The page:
The study aimed to compare and analyze the outcomes of high-flow nasal cannula (HFNC) and noninvasive positive-pressure ventilation (NPPV) in the treatment of patients with acute hypoxemic respiratory failure (AHRF) who had extubation after weaning from mechanical ventilation.
A total 120 patients with AHRF were enrolled into this study. These patients underwent tracheal intubation and mechanical ventilation. They were organized into two groups according to the score of Acute Physiologic Assessment and Chronic Health Evaluation II (APACHE II); group A: APACHE II score <12; group B: 12⩽ APACHE II score <24. Group A had 72 patients and patients given HFNC were randomly assigned to subgroup I while patients given NPPV were assigned to subgroup II (36 patients in each subgroup). Group B had 48 patients and patients given HFNC were randomly assigned to subgroup I while patients given NPPV were assigned to subgroup II (24 patients in each subgroup). General information, respiratory parameters, endpoint event, and comorbidities of adverse effect were compared and analyzed between the two subgroups.
The incidence of abdominal distension was significantly higher in patients treated with NPPV than in those treated with HFNC in group A (19.44% versus 0, p = 0.005) and group B (25% versus 0, p = 0.009). There was no significant difference between the HFNC- and NPPV-treated patients in blood pH, oxygenation index, partial pressure of carbon dioxide, respiratory rate, and blood lactic acid concentration in either group (p > 0.05). Occurrence rate of re-intubation within 72 h of extubation was slightly, but not significantly, higher in NPPV-treated patients (p > 0.05).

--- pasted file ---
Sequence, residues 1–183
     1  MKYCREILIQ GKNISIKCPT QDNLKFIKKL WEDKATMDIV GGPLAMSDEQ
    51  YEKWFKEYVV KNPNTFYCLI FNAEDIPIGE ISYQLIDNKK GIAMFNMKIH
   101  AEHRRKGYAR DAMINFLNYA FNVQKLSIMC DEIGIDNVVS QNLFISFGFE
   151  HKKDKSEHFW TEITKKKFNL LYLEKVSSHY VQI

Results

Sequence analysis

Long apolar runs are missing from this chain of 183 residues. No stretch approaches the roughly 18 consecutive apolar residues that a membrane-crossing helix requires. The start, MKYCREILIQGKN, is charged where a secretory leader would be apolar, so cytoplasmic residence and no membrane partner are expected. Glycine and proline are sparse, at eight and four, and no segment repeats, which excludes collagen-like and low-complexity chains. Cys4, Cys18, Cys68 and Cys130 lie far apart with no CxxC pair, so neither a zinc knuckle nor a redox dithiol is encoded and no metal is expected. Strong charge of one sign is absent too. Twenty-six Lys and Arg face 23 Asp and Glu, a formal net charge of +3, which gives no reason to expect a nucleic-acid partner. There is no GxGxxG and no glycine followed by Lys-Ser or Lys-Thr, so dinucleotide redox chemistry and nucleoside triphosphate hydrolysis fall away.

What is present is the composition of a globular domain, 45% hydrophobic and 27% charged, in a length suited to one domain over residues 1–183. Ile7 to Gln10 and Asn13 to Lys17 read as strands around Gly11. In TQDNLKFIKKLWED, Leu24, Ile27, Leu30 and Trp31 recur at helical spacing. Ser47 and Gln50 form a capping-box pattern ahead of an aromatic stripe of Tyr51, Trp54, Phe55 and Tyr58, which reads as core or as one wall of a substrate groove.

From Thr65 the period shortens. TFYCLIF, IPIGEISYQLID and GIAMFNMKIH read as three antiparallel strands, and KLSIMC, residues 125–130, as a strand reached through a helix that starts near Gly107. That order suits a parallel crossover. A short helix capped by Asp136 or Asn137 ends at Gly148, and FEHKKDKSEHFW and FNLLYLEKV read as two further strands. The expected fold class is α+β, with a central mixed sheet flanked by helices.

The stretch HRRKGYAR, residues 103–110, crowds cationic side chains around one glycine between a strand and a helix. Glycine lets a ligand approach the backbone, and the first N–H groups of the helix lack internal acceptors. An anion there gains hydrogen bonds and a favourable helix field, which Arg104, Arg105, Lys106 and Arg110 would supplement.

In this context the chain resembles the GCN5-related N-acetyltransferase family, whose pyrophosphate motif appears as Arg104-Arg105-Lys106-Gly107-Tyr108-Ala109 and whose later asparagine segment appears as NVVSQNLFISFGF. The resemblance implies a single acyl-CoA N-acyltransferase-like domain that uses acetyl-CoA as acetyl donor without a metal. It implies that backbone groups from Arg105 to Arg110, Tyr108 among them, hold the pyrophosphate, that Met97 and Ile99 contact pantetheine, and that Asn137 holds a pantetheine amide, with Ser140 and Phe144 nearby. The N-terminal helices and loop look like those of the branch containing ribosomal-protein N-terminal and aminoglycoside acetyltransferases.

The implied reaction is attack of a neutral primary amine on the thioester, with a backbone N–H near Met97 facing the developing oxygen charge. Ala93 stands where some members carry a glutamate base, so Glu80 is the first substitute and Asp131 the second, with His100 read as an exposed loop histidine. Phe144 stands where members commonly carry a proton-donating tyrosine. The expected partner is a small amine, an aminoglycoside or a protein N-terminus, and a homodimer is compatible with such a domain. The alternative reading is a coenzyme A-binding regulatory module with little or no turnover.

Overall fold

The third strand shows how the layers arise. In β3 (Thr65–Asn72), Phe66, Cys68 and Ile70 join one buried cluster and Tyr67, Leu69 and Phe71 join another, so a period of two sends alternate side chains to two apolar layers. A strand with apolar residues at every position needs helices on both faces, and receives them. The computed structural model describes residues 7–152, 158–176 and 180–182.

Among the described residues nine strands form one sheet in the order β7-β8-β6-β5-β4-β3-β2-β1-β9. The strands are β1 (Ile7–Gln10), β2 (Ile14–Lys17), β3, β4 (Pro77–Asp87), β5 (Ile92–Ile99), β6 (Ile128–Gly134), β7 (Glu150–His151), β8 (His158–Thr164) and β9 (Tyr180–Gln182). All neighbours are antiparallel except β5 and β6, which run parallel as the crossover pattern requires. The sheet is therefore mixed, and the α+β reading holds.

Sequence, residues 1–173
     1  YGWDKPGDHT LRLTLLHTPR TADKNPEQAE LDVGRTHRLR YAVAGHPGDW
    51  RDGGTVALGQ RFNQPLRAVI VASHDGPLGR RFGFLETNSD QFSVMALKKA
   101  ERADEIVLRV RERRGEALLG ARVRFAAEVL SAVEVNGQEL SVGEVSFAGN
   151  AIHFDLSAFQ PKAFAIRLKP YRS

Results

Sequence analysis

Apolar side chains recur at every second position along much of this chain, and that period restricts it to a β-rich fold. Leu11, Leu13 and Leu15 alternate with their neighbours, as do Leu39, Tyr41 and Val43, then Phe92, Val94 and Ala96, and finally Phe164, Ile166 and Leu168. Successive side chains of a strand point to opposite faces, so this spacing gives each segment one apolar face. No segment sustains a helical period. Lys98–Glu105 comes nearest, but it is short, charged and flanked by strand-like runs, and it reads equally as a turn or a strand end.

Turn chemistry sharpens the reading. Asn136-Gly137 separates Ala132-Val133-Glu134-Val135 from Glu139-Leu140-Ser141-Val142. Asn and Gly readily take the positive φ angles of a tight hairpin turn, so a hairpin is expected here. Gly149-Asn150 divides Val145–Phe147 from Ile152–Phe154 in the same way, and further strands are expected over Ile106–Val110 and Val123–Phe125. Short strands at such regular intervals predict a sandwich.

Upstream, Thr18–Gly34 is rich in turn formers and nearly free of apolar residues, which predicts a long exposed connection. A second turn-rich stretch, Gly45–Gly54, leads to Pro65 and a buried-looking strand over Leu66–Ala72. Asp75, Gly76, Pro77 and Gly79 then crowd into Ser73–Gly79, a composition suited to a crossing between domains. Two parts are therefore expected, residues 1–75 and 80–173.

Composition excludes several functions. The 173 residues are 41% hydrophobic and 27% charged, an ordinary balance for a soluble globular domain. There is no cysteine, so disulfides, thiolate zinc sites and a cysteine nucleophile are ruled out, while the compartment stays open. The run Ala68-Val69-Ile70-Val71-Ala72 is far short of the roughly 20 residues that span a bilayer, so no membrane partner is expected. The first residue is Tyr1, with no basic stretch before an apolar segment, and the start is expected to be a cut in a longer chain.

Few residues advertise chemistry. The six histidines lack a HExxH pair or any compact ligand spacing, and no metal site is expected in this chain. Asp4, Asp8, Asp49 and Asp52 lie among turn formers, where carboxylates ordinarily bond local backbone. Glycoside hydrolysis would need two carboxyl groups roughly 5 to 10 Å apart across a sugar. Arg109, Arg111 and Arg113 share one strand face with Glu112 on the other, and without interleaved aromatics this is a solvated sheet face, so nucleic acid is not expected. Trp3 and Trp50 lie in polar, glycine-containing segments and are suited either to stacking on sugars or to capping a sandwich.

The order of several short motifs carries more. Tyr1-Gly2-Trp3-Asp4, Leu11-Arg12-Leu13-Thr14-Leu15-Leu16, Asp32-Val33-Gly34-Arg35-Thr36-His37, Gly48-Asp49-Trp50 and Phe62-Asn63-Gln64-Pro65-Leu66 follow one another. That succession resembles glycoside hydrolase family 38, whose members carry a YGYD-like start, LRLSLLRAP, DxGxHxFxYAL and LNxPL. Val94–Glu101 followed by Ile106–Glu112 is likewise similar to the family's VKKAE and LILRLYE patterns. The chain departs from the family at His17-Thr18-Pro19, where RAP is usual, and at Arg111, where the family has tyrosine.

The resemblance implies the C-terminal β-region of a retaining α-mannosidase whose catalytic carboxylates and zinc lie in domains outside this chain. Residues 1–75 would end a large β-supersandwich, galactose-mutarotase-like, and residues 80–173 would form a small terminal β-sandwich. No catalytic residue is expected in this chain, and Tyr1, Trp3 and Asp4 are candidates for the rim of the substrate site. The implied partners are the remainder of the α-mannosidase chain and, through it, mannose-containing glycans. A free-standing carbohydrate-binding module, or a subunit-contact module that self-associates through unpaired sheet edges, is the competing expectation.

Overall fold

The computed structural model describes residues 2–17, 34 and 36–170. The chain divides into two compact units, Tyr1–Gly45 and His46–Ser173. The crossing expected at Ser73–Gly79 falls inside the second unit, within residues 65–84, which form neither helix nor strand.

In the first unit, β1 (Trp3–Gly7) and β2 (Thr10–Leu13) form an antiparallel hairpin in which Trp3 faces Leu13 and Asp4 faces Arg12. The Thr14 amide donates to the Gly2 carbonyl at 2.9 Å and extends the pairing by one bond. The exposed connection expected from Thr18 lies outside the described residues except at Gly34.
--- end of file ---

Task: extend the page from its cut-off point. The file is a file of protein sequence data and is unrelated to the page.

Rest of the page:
There was no significant difference between HFNC and NPPV in preventing respiratory failure in patients with AHRF with an APACHE II score <24 after extubation. However, HFNC was superior to NPPV with less incidence of abdominal distension.The reviews of this paper are available via the supplemental material section.